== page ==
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The level of radiation due to the naturally occurring radioactive materials was investigated and the radiological hazard was calculated for Mount Homa located at longitude 330 26’ E and 340 34’ E latitude 00 30’ S and 00 20’ S in southwestern Kenya.
The absorbed dose rate in air above the ground was measured with hand held survey meters.
The measured mean dose rate of 474 nSv/h translated to annual dose due to external radioactivity of 4.15 mSv/y.
The radioactivity concentrations of K, Ra and Th in rock and soil samples were measured using gamma ray spectroscopy.
The cumulative mean activity concentrations obtained were 915, 195 and 409 Bq/kg of K, Ra and Th, respectively.
The calculated mean absorbed dose rate was 383 nGy/h.
The resultant total effective dose equivalent was 5.03 mSv/y.
The RESRAD code enabled modeling of K, Th and U environmental pathways.
This led to exposure pathways of external radiation, inhalation and ingestion resulting in total effective dose equivalent to exposed individuals estimated as 4.93 mSv/y.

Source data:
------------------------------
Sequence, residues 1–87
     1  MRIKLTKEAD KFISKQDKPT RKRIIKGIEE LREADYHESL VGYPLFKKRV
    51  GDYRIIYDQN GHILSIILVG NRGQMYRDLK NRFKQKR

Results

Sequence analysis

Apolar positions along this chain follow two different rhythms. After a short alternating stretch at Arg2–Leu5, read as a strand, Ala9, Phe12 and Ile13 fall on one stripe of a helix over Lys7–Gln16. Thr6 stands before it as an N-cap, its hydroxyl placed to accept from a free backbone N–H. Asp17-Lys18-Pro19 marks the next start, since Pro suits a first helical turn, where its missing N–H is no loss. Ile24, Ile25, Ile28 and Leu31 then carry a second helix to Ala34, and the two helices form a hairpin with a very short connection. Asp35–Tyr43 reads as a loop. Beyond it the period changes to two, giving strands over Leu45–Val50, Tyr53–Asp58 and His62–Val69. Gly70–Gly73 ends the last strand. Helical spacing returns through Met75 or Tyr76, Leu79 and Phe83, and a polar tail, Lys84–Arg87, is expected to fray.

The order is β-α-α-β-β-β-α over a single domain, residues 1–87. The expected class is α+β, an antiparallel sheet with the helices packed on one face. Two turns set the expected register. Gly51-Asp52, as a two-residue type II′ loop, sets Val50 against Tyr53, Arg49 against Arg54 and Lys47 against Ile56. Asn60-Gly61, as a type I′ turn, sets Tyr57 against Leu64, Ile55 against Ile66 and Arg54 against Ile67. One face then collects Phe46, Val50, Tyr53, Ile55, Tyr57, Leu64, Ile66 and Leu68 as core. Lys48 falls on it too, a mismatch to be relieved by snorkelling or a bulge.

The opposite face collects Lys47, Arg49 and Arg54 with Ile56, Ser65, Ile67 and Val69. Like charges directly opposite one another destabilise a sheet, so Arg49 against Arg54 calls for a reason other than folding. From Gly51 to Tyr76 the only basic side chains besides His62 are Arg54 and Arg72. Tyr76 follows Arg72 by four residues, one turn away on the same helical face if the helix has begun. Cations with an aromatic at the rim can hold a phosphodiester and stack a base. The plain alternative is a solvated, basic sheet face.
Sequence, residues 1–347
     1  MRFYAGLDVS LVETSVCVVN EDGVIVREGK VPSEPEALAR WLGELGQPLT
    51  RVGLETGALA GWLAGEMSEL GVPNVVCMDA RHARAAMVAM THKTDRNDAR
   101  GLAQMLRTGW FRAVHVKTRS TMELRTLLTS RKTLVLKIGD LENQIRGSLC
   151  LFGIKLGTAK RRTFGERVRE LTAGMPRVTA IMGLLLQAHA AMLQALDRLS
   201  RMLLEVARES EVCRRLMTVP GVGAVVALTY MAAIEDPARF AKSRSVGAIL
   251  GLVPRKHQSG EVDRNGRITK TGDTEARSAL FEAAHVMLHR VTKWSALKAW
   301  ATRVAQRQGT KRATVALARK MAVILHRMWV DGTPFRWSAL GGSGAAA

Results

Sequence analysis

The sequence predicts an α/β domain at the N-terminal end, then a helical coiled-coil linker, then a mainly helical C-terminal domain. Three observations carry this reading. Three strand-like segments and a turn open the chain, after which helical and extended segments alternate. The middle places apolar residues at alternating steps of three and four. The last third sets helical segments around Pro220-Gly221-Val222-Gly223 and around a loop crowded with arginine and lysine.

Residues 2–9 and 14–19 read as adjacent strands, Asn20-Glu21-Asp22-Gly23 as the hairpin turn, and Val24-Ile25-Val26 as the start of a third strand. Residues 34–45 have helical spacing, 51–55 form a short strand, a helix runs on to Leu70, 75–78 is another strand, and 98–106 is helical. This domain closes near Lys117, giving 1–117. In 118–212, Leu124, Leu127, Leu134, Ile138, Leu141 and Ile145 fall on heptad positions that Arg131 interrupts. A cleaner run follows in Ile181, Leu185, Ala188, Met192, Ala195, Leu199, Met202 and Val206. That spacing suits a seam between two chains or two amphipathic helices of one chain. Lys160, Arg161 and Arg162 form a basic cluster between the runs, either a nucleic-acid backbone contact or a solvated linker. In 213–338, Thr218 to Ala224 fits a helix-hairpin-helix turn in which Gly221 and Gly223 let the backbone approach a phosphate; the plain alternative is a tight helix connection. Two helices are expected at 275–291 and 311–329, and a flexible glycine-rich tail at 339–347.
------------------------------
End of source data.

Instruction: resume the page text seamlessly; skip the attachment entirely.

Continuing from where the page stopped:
The Mt Homa study has established radiation dose to the population and qualifies the region as a high background radiation area due to carbonatite rocks.
David OTWOMA, Secretary of Nuclear at the Ministry of Energy & Petroleum has the responsibility of mapping out availability of thorium and uranium in Kenya in relation to existing, potential and speculative energy basins.
Otwoma holds a BSc in Physics, MSc in Nuclear Science and a PhD in Radiation Physics and Geophysics from University of Nairobi.
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